It’s alt season, y’all. Since the Christmas Crash took place back on December 22, Bitcoin has struggled to regain its former prominence. Crypto’s flagship coin has sputtered in price and lost a significant chunk of its market share, all while the rest of the market has continued a healthy growth pattern after the pre-Christmas dip.
Ringing in the New Year on a High Note
It’s not very often that you see Bitcoin stagnate while the rest of the market is going up. Not even a month ago, analysts were making starry-eyed speculations about Bitcoin’s future, many confident in a US$15,000 valuation by year’s end. This was, of course, during a time when the entire market was in the throes of a bull run that increased crypto’s overall market capitalization from US$200 billion to over US$600 billion in a month and a half. And as we’ve become accustomed to in this wild, wild market, as Bitcoin goes up, alts (usually) follow.
Oh, how times have changed. It now seems like we’re in a new age of altcoin confidence, an era in which alternative currencies are not as tethered to Bitcoin’s successes and failures as they’ve been in the past.
We’re a little over a week out from the flash crash of December 22, Bitcoin is resting at a humble US$14,000, and it’s been trading at between US$13,000 and US$14,000 for the past few days. Meanwhile, Ripple, Ethereum, Cardano, and the top ten’s newest addition, Stellar Lumens, have all peaked to fresh all-time highs in the past week. Meanwhile, the seven-day averages for many of the market’s top 100 are in the green, while some coins have seen gains upwards of 50%.
This recovery has thrown cryptocurrency’s total market cap to new historic levels as well. Yesterday, crypto’s overall net worth eclipsed US$650 billion, overtaking its former all-time high of US$640 billion. Meanwhile, Bitcoin’s market cap is sitting at US$233 billion, a 30% decline from its high of US$333 billion.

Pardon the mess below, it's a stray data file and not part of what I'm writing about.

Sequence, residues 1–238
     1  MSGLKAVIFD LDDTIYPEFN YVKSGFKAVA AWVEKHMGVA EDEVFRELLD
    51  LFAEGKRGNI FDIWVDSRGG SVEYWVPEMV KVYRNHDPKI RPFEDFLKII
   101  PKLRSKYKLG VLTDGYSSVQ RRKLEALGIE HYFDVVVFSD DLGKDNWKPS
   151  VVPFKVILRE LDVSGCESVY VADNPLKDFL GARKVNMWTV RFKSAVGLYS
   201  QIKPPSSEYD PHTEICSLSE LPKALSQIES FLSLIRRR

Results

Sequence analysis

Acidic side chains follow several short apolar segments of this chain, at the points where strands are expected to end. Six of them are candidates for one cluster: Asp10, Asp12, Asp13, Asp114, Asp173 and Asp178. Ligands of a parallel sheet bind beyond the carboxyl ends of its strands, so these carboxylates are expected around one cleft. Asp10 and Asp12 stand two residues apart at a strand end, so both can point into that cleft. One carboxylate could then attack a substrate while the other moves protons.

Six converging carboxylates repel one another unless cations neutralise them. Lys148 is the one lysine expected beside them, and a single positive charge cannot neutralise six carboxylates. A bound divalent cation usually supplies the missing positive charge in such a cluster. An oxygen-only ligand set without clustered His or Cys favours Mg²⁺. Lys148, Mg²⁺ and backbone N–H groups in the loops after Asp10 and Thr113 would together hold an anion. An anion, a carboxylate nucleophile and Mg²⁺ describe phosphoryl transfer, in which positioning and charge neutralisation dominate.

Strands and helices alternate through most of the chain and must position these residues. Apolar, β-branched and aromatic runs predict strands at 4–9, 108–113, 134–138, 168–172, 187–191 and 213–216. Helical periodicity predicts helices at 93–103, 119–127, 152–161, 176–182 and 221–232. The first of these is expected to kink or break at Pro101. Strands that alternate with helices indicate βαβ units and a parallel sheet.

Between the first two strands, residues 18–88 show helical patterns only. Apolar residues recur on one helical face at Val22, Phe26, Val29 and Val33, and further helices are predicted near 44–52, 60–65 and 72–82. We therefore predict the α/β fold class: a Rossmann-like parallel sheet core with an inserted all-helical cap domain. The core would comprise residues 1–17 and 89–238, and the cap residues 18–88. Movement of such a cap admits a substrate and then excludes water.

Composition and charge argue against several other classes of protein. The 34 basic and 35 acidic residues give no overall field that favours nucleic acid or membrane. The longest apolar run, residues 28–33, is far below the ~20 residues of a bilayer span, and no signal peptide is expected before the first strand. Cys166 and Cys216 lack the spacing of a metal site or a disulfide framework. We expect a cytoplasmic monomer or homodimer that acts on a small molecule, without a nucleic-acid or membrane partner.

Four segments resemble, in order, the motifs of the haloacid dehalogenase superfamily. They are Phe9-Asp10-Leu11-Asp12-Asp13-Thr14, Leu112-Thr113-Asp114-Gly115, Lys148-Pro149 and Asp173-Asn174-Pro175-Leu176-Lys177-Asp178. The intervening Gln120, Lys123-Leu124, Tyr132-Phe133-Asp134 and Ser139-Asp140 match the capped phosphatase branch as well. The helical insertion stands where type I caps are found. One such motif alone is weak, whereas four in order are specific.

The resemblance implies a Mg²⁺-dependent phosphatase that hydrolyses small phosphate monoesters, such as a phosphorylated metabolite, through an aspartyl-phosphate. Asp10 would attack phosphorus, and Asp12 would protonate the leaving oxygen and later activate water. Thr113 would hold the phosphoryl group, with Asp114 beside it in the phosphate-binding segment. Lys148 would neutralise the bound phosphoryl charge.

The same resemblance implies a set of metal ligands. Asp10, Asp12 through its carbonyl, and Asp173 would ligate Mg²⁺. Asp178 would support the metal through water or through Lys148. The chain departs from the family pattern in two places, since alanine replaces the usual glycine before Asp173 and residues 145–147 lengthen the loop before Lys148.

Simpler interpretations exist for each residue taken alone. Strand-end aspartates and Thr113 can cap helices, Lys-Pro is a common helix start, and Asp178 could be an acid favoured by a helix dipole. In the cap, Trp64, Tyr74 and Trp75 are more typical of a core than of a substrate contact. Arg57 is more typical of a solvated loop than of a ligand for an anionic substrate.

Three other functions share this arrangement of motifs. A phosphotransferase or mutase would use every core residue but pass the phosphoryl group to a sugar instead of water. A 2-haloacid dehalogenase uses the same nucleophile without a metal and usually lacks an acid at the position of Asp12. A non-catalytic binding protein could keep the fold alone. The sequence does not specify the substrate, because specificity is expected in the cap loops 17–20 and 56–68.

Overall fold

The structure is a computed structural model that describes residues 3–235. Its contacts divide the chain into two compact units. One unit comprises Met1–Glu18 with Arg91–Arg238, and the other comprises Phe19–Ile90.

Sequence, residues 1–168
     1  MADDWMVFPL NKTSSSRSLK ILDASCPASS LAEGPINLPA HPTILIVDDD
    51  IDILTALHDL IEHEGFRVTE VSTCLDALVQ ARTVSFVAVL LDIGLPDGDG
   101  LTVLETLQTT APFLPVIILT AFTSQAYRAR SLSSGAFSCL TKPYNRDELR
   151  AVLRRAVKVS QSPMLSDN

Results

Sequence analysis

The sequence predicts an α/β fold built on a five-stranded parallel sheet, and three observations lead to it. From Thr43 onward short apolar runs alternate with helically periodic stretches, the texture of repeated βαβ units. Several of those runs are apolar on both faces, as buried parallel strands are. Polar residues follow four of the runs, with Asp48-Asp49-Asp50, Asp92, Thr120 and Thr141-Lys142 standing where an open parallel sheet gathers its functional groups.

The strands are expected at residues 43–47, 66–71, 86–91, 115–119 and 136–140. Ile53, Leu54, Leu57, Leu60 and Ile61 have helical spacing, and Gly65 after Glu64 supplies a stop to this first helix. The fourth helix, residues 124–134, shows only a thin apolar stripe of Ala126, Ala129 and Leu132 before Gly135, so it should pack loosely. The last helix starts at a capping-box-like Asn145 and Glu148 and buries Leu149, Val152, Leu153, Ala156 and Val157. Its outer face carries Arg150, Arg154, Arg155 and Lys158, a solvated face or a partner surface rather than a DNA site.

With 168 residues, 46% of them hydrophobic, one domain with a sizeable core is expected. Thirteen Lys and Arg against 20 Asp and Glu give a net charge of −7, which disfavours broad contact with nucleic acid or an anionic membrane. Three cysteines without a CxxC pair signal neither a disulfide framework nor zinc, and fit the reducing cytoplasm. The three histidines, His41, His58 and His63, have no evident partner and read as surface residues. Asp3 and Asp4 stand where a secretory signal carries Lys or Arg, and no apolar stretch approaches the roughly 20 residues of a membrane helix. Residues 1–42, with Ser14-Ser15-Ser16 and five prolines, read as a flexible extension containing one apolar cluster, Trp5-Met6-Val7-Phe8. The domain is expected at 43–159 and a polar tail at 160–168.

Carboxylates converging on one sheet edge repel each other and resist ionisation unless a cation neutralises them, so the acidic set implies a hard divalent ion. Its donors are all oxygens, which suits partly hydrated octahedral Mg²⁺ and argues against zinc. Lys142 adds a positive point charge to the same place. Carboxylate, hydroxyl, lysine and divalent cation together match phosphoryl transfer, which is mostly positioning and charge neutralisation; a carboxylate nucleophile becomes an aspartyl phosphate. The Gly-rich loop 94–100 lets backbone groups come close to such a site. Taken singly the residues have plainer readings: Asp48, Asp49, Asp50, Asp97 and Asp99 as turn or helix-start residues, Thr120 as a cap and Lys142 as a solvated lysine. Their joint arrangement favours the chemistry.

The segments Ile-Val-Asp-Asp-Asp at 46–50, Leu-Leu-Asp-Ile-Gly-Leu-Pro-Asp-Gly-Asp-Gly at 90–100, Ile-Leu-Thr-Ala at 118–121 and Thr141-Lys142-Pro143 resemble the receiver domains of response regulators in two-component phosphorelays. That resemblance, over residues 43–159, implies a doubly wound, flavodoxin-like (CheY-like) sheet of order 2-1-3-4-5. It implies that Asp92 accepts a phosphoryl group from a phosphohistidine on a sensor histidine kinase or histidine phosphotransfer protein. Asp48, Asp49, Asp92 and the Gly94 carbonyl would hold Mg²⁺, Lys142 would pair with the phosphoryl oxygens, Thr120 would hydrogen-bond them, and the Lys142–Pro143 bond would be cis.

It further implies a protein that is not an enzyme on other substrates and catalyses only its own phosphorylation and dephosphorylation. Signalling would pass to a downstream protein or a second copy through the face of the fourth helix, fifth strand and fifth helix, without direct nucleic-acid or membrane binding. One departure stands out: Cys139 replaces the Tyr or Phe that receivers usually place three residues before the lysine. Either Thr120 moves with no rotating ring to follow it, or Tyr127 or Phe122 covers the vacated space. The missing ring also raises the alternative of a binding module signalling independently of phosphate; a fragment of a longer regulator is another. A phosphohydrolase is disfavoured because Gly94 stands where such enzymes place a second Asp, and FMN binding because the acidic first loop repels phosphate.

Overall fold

In the past, if a correction chipped US$100 billion off Bitcoin’s net worth, the alt market would take a dent with the king of crypto and portfolios the world over would plummet in value.
What’s changed is that over the course of December, Bitcoin’s market dominance dwindled to unprecedented lows. Topping out at a monthly high of 67%, it’s shrunk to 37% at the time of writing, lower than its spread during the alt boom of last summer.
If we compare this share of the market to the beginning of 2017, the difference is staggering. In January of 2017, Bitcoin owned anywhere from 84% to 87% of the cryptocurrency market. As such, it seems entirely logical (if not frustrating) that alts were at Bitcoin’s behest during bull and bear cycles. Bitcoin was steering the ship, so if the market hit a rough patch, the entire market took on water.
As Bitcoin’s market share slips to new lows, however, it’s no longer the only currency rocking the boat. As both Ripple and Ethereum look to climb above US$100 billion market caps, it’s likely that crypto’s star asset will need to learn to share the limelight.
Of course, we have no way of judging how long this alt rally may last or whether or not Bitcoin will retain its market dominance. However, alts are looking particularly confident as we head into the new year, and perhaps this year will usher in a new era of more proportionally-distributed wealth among market assets.